International School students see their stories come alive - KSLA News 12 Shreveport, Louisiana News Weather & Sports

International School students see their stories come alive

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NEW ORLEANS, LA (WVUE) -

At one time or another, most elementary school students wrote short stories. But few can say that the stories they wrote ended up on a big screen. On Monday afternoon, some local students could.

Even though they are nowhere near college age, dozens of local students took seats in a classroom at Loyola University. They were there to see their hard work come alive on a large video screen. The students attend the International School of Louisiana, and with the volume up on the monitor their eyes were fixed on the animated films that played for their entertainment. But there was more to it than just entertainment.

The second-graders actually wrote the stories that were later turned into colorful animation.

"It's a lot of writing, it's about speaking, it's about literature," said International School French teacher, Lilian Deltort.

Students in Loyola's "advanced motion-graphics" class were tasked with turning their little clients' stories into animation, and they took it seriously.

But first they required some help because the second-graders wrote their stories in French, a language they are now fluent in because of their curriculum at the International School of Louisiana.

The Loyola students got help translating the stories written by the second-graders from teachers at their Camp Street school.

"I wanted to take what I know, put it on their level and make them understand," said Loyola senior Kortney Cleveland, who developed one of the vibrant, animated stories.

Enjoli Gilbert, a junior at Loyola, animated a story about a penguin and a duck.

"Just moved them around then played with the type on the top, edited it down, so it looks like the penguin is moving across the screen or the duck is waddling or something, but I finally pulled it together at the end which I'm proud to say that I really loved this one," said Gilbert, as she smiled.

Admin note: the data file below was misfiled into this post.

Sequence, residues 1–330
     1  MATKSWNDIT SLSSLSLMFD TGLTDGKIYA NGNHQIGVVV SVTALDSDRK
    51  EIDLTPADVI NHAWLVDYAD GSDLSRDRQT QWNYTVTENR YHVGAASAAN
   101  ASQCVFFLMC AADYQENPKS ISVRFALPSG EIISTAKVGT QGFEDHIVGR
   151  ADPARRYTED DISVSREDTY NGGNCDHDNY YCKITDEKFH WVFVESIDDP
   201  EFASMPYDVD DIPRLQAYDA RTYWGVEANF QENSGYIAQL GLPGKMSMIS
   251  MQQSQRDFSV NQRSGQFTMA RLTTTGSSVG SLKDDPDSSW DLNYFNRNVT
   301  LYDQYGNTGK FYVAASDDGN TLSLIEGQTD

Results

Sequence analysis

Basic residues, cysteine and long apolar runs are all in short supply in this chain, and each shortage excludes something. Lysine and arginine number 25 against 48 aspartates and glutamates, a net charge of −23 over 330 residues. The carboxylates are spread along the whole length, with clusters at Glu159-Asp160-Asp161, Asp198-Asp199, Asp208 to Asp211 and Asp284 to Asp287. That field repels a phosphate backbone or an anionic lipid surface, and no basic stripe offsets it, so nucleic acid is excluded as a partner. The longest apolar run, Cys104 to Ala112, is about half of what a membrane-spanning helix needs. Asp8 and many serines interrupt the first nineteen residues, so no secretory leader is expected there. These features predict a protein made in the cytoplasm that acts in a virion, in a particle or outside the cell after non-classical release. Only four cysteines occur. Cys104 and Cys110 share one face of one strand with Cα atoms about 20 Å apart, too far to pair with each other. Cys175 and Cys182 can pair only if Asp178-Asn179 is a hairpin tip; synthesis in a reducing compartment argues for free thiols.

Anneliese DePano, another junior in the graphics design class, created an animation about a horse pretending to be an elephant.

"It still got their moral across like things aren't always what they seem, but it was still fun," said DePano with a laugh. "It was a horse that dressed up like an elephant because he wanted to get into the zoo and so he was able to trick the zoo keeper because the zoo keeper didn't recognize him as a horse. Horses weren't allowed in the zoo, apparently." 

"This project has brought more excitement to my design students than any project I ever offered," said Professor Daniela Marx, who teaches the motions-graphic class at Loyola.

She said the students must draw every character they will use in the animation and come up with the appropriate colors schemes, as well.

"We are not about to pull things off a website, that's like an instant F," said one student.

Professor Marx said they are required to make story boards, which are depictions of their characters and how they stack up in the animated film.

"Basically creating the entire piece from beginning to end from flat images and knowing exactly what happens when," she said.

And after the big reveal at Loyola, the second-graders engaged in reviews of the college students' work.

"I love the animation, it was funny," said Belle Adelman-Cannon.

"They're good," said Corbyn Thonn.

And the second-graders even handed out letter-grades for the animations.

"I think it was mostly A's because how they're making sort of like films," said Adelman-Cannon.

"I graded it with an "A," said Thonn.

"I learned a lot and it was easy to take it from my point of view. I don't understand this language, so how can I make the subtitles as interesting as the actual piece?" said Cleveland of working with the young students.

Of course, the animated stories prompted a lot of laughter and enjoyment by the second-graders, and the Loyola professor said the colorful creations required a great deal of work by her students.

"It takes one hour for every second, basically, for this to be produced," Marx said. "Most pieces are two minutes each, so that's 120 seconds, so at least they worked on it 120 hours."

And she hopes what her students at Loyola University are doing will be employed by the ever-growing "Hollywood South."

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